I find the regulations regarding the Free Franking privilege confusing, because this letter was written in 1834, and signed by William Earle Welby who was a member of Parliament until 1830, but as his son succeeded him in that position, this should not have been a free letter as a parliamentary privilege. It was not actually written to his son G.E. Welby, who was the MP, so that could not be claimed either, so unless G Tallents was also an MP, I cannot see a justification for this being a free letter.
I checked on the internet for G Tallents of Newark and found an amazing website for a firm of solicitors in Newark who are still in the same line of business! They have been there since 1774 and an exchange of e-mails with one of the partners advised me that this would have been Godfrey Tallents, and he kept a diary of his daily life as a solicitor and a book has been written. Extracts of the book have been put onto a page of their website and it makes fascinating reading. He does not appear to have been an MP, but a solicitor.
This was the book referred to.
“Politics, Law and Society in Nottinghamshire. The Diaries of Godfrey Tallents, 1829–39 ”, edited by Dr. Richard A. Gaunt (Nottinghamshire County Council 2010) is available to buy from Nottingshamshire Archives, Newark Library, Newark Millgate Museum and Nottinghamshire libraries for £7.50.
From the excerpts included in this page, Mr Godfrey Tallents was a very busy solicitor and very community minded as he served on many different Parish Boards and committees, and worked very long hours.
If you would like to buy the book by post, please send a cheque for £10.50 (which includes £3 for postage and packaging) made payable to Nottinghamshire County Council, to Libraries, Archives and Information, Communities Department, 4th Floor, County Hall, West Bridgford, NG2 7QP.
This is the entry for just one day.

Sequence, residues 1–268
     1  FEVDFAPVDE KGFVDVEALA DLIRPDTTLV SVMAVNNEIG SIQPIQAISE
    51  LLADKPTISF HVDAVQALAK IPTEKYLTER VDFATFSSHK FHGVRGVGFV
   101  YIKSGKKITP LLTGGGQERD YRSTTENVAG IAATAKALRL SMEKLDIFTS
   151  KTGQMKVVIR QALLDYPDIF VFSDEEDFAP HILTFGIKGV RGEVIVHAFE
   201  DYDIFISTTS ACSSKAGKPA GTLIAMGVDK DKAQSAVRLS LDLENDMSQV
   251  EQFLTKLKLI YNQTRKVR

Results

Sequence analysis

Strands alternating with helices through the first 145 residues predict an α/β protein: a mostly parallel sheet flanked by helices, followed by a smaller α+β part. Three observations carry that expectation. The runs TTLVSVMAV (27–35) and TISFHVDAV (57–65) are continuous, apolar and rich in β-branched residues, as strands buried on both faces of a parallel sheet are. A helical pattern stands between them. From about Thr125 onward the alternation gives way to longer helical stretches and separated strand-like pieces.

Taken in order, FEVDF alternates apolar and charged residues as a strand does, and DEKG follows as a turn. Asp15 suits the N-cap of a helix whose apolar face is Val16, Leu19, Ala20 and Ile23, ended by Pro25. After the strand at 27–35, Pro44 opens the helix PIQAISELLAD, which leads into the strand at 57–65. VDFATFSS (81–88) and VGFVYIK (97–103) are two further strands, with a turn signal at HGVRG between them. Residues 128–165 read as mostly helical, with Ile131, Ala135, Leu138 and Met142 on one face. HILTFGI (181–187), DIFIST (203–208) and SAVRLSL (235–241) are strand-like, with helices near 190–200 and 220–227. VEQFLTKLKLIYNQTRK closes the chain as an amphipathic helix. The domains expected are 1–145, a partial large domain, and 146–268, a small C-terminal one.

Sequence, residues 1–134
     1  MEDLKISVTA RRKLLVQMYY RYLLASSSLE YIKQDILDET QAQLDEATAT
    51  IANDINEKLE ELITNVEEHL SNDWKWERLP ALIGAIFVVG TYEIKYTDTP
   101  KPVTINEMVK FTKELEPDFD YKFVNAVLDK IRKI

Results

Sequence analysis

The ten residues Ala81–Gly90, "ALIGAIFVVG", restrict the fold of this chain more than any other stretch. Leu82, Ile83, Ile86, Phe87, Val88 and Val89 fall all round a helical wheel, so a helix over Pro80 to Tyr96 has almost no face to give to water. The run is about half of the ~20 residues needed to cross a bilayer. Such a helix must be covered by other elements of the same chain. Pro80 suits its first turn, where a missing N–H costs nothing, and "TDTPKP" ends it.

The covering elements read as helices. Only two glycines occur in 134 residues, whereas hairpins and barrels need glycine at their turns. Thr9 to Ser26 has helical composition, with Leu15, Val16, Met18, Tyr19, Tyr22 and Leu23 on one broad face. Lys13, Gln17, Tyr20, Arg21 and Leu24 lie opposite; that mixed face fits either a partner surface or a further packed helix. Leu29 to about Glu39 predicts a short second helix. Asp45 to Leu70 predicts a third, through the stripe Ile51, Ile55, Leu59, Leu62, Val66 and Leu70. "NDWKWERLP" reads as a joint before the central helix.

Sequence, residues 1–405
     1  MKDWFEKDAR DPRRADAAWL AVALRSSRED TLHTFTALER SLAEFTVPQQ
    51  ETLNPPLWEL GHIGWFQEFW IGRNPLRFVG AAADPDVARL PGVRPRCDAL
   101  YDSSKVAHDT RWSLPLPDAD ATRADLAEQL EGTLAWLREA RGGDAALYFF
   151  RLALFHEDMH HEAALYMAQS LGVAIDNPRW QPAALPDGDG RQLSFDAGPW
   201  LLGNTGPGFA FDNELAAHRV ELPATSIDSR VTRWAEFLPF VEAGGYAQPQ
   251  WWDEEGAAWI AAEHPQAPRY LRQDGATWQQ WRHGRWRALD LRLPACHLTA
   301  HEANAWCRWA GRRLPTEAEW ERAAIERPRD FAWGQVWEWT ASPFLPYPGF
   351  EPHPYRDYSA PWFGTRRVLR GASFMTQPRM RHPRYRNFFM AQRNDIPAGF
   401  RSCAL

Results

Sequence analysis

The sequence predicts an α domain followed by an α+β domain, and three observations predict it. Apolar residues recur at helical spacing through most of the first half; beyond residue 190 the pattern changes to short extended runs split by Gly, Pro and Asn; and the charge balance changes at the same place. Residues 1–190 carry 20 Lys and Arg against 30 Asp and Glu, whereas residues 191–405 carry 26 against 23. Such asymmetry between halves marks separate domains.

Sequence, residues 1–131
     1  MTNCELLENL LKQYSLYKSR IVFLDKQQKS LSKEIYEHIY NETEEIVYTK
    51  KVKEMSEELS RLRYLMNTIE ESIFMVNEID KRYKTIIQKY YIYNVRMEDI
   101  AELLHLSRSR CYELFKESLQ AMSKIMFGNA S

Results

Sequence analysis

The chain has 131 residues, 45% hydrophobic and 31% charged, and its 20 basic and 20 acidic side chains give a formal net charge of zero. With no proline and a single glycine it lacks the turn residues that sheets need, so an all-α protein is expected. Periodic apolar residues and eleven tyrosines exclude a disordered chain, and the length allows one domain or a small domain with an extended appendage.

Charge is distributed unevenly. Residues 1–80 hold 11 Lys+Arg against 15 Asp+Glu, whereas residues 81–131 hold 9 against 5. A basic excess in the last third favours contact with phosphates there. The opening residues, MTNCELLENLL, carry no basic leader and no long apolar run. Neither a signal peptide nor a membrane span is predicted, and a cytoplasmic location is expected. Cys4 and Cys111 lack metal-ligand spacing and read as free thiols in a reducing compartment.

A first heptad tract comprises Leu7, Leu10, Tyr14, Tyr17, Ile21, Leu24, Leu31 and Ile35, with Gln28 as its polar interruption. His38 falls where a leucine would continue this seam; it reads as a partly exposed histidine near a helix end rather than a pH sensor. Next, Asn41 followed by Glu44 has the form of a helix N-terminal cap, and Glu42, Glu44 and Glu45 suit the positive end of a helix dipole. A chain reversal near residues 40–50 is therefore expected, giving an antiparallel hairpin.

8 January 1832. Though today was Sunday we were too busy to go to church and had to do various things connected with the Trials. At 11½ Mr Lancelot Rolleston called and he and my father went over in a chaise to Lord Middleton's, from whence he returned by 2 o'clock. We then went to a consultation attended by all the Counsel, which lasted about half or 3 quarters of an hour; I then went with my father to the County Jail to examine Aaron Booth and Charles Slater; we dined at 5½ and Freeth with us; after dinner I again went to Slater and Booth at the County Jail and also to a man named Dobbs. In the evening we went to the “3 Crowns” to re-examine 2 or 3 witnesses and at 10 o'clock went to Mr Gurney's where we remained about one thing or another till 11 o'clock. We then came home and went to bed by 12. I had a note from Craddock and also from Henry Jessop. Day fine till late.
It really is astonishing what information is available on the internet so easily nowadays. I could not find an image of W.E. Welby, but there is a portrait of his parents from Burke's Peerage website
Sir William Earle Welby, 1st Bt. and his wife Penelope
by Francis Cotes
Just as a matter of interest, this is the entry in Burke's Peerage for her
F, #220493, d. February 1771
Penelope Glynne was born at Hawarden Castle, Flintshire, Wales. She was the daughter of Sir John Glynne, 6th Bt. and Honora Conwy. She married Sir William Earle Welby, 1st Bt., son of William Welby and Catherine Cholmeley. She died in February 1771.
I have been advised by a partner of Tallents law firm that the addressee Godfrey Tallents was the political agent for William Gladstone, and from another friend in England that he was the agent of the Duke of Newcastle and had been
employed as the chief legal agent of Government in one of the Special Commissions. She wondered if he had a free frank at the expense of the Duke of Newcastle, who certainly would have had one, as a member of the House of Lords.
As to the son mentioned in the letter as G E Welby there is an entry in Wikipedia for him.
Sir Glynne Earle Welby-Gregory, 3rd Baronet (26 June 1806 — 23 August 1875), born Glynne Earle Welby, was a British Tory (and then Conservative Party) politician. He was elected at the 1830 general election as a Member of Parliament (MP) for Grantham, and held the seat until he stood down from the House of Commons at the 1857 general election.
So, all in all, this was a very interesting letter to research.